Attorney General Rob Bonta found that hate crimes in California rose 20.2 percent from 2021 to 2022, according to a new report, a number that may be underreported because many of the incidents go unreported.
During a roundtable in Fresno, where he was accompanied by that city’s mayor, Jerry Dyer, he explained that attacks against people of African descent increased by 27 percent, while hate crimes motivated by sexual orientation prejudice increased by 29 percent percent increased.
“We have data from the California Department of Justice and hate crimes are increasing year over year in all categories,” he said.
“In California, we must stand together against hate and extremism. There is no place for hate in California,” Bonta said.
“I am proud to support our local partners in identifying best practices, fostering community engagement and working on community-focused solutions to eliminate hate and extremism. Our message to Californians: We see you, we support you and we will do our part to ensure every Californian feels safe in their cities and communities,” he added.
Fresno County is no stranger to hate crimes, with a total of 23 incidents reported last year, including 13 in the city of Fresno.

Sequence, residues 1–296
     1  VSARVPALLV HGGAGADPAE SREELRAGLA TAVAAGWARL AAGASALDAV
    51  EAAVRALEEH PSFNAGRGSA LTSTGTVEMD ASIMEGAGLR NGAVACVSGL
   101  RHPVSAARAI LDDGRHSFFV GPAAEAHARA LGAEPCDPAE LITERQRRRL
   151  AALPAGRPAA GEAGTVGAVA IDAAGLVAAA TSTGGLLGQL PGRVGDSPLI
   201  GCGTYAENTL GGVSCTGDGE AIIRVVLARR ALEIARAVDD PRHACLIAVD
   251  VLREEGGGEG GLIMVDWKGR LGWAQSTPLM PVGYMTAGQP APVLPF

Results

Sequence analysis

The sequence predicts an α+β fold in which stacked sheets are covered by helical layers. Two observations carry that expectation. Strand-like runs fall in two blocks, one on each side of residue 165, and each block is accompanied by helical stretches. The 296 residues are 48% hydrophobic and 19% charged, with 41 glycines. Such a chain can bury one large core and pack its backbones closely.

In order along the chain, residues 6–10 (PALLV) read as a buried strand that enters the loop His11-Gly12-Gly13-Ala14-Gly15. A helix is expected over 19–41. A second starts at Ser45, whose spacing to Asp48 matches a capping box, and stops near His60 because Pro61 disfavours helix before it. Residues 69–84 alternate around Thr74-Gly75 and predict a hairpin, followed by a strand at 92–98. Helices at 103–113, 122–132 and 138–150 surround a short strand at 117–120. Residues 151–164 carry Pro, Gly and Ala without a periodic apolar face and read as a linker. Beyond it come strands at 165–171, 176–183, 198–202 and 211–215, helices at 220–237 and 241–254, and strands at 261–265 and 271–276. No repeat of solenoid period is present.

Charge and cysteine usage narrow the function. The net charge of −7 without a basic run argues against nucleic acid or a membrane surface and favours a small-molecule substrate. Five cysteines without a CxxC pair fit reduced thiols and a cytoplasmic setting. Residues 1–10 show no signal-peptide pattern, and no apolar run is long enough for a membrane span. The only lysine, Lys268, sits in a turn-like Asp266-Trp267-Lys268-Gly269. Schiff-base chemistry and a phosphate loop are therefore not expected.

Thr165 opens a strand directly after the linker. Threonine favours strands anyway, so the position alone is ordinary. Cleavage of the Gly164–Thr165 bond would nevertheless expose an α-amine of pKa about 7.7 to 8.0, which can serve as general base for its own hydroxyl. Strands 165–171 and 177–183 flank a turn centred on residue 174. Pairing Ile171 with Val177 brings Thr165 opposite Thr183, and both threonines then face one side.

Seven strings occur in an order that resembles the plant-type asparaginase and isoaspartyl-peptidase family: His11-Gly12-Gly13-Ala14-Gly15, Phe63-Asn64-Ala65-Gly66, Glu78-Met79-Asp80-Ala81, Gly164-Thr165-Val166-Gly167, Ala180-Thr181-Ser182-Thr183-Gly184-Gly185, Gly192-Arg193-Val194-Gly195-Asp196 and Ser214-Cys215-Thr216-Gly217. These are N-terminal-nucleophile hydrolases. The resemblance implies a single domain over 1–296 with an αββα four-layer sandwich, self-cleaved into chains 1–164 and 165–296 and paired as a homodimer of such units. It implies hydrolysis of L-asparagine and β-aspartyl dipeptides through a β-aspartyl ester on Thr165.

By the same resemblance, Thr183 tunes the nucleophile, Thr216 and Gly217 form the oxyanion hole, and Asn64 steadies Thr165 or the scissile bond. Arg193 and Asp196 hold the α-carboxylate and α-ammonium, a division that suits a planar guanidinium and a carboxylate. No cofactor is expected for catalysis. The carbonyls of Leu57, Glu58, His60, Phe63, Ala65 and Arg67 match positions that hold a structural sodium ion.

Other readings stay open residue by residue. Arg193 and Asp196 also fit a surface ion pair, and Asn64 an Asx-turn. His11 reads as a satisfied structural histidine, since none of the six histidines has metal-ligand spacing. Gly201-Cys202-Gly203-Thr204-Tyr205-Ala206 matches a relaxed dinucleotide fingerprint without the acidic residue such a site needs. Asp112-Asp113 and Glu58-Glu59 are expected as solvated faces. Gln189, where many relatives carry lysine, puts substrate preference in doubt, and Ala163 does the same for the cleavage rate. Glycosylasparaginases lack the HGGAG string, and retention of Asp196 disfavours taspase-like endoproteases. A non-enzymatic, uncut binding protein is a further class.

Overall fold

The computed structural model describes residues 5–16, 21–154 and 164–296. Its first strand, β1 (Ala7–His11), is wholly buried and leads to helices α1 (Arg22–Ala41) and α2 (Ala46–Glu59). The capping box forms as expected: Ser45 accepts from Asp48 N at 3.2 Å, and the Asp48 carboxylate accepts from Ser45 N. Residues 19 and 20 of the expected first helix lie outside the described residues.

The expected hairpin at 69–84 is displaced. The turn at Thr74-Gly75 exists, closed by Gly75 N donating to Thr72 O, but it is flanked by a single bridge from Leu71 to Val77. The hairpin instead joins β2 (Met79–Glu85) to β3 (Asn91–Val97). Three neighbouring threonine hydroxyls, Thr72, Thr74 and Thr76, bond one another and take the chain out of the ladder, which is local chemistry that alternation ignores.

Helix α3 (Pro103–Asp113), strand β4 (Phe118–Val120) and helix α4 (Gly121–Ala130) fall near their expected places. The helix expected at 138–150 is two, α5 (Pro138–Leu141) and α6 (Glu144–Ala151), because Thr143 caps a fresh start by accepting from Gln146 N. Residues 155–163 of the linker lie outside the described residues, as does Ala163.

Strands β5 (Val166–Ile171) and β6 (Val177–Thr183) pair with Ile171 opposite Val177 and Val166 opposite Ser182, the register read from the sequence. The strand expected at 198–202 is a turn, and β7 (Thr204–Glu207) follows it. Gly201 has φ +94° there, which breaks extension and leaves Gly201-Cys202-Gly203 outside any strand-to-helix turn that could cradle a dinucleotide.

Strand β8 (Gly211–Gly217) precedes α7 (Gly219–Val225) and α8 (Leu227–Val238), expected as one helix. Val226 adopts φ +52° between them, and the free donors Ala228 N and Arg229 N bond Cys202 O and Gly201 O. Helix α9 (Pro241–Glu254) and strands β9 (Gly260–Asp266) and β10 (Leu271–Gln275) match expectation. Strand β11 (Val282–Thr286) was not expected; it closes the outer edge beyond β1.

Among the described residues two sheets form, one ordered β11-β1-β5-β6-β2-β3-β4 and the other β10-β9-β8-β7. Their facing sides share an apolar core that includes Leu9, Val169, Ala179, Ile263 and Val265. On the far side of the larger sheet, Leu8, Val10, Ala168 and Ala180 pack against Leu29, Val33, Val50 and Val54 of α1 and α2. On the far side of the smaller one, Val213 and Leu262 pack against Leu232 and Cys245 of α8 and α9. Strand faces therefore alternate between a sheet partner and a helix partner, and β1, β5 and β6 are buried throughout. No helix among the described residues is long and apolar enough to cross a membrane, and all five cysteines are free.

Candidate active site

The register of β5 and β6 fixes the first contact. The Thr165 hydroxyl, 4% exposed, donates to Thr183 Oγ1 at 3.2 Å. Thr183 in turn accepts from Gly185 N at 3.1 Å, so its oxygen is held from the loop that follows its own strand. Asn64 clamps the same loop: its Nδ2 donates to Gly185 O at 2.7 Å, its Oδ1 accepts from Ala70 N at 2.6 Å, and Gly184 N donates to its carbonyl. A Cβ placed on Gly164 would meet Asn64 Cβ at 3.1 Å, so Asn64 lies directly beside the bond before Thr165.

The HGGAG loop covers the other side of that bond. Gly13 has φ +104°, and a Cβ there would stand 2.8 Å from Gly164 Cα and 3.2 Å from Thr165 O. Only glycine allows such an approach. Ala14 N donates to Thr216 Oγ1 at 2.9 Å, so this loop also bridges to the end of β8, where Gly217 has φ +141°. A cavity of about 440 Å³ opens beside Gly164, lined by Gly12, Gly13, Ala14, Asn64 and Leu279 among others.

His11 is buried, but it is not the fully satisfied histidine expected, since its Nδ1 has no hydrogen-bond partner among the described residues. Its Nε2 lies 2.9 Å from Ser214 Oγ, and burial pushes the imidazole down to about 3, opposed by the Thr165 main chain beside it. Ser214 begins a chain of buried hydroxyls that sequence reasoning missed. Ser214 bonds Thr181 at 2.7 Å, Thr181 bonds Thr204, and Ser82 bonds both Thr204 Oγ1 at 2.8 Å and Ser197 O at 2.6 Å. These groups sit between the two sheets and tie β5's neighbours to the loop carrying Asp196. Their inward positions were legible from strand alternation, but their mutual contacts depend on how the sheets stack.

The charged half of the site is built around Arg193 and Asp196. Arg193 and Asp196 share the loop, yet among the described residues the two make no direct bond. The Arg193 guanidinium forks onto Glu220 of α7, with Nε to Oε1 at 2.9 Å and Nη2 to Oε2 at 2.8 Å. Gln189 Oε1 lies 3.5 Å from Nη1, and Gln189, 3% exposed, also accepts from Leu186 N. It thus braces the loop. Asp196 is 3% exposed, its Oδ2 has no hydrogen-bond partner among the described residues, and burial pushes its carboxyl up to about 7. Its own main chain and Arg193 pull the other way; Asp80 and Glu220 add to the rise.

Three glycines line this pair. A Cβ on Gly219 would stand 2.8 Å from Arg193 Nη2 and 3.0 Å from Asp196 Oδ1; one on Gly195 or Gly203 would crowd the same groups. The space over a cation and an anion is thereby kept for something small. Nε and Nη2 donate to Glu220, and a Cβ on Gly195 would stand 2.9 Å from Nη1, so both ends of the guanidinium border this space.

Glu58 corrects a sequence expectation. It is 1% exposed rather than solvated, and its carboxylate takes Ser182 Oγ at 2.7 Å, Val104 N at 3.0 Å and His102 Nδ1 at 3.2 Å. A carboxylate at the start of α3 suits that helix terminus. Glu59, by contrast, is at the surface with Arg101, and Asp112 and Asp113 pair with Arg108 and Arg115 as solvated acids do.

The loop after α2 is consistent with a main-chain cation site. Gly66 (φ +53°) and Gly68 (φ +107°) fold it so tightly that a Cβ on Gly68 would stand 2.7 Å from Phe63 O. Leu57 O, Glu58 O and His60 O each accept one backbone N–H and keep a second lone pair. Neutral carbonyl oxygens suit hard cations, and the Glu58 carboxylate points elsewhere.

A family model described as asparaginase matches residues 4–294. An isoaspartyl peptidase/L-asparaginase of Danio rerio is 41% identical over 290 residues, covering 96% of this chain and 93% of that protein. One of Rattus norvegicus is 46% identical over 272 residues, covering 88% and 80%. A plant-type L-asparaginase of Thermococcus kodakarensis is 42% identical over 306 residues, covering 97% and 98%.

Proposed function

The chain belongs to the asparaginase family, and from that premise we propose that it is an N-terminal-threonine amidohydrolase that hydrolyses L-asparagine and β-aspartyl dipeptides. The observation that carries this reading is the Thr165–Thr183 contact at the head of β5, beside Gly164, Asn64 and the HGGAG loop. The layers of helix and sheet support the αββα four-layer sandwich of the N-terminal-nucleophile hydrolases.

It’s worth remembering that earlier this year, popular Fresno restaurant Tasty Thai joined the growing list and was forced to close due to racist attacks and allegations that the owners served dog meat.
“When I realized how bad it was, I knew we had to choose safety first and that is the reason we closed. And the reason for that is because my parents have been immigrants for 40 years and they don’t even know what social media is,” David Rasavong, owner of Tasty Thai restaurant, told officers.
State and local leaders have focused on solutions that include a stronger response to hate and bias, as well as strengthening law enforcement and enforcement.
“Unfortunately, when we talk about the topic of hate and hate incidents and crimes, it is often underreported, making it difficult for law enforcement to truly assess the impact,” noted Fresno Mayor Jerry Farber.
In May 2021, Attorney Bonta founded the Office of Racial Justice, which supports the California Department of Justice in advancing the civil rights of all Californians and plays a critical role in combating hate and bias in the state.